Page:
When our identity and our political self-concept are inseparable, what do we do when our politics were successfully compromised? If we can’t collectively accept our democracy having failed, how are we going to be able to develop the kind of collective cultural integrity that would be necessary to prevent any given person or organization with enough resources from directing or taking control of our political process?

Given our country’s colonial and politically revolutionary origins, which leaves us with no self-concept that is separable from our political system, what, exactly, are people going to be left to faithfully identify with as being the United States of America?

The domestically based political corruption has been terrible, but I’m pretty sure it’s got nothing on the stuff that is already happening at the hands of people intentionally sabotaging the country from the outside.

Assuming that we don’t get both Trump and Pence out before 2020, we’re going to need a truth and reconciliation commission someday to deal with this past election, even just with what is currently public information. But we’ve been ‘the city on a hill’ for coming up on 400 years – historical reckoning has always been for other people. Would we be capable of collectively recognizing that we need that kind of an intervention?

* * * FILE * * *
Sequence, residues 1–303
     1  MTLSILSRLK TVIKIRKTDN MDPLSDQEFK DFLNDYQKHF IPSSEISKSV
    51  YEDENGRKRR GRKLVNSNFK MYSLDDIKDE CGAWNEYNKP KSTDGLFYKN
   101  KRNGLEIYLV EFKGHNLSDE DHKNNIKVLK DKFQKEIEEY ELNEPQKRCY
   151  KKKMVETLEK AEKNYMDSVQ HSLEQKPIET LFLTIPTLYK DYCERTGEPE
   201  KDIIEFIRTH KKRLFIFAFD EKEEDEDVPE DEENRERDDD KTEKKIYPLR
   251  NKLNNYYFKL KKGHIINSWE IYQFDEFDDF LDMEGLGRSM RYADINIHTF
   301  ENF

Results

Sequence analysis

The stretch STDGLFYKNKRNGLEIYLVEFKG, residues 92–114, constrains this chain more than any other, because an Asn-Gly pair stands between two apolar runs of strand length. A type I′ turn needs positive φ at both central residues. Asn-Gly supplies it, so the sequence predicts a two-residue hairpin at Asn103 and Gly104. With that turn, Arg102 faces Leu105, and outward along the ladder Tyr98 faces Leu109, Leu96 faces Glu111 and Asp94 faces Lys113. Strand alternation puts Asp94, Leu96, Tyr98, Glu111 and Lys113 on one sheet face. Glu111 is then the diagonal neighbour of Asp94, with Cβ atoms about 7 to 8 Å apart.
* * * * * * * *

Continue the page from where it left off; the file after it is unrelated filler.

As a contrast: It’s been fascinating for me to watch a historically accurate Japanese children’s cartoon series, set less than 150 years ago, where the people who fought a war to re-install an emperor in a position of influence were ‘the good guys’. Because that’s actually a notion of government that has existed and still exists, including in the UK. Which would be a nice sort of authority figure to have right now.

Instead of our government functioning with the formal approval of a spiritual representative of the country, we have spies and federal law enforcement laying everything out and saying ‘trust us, we’re doing our jobs faithfully and well, and Trump and company are corrupt and traitorous’ to every flag-waving patriot, regardless of political view.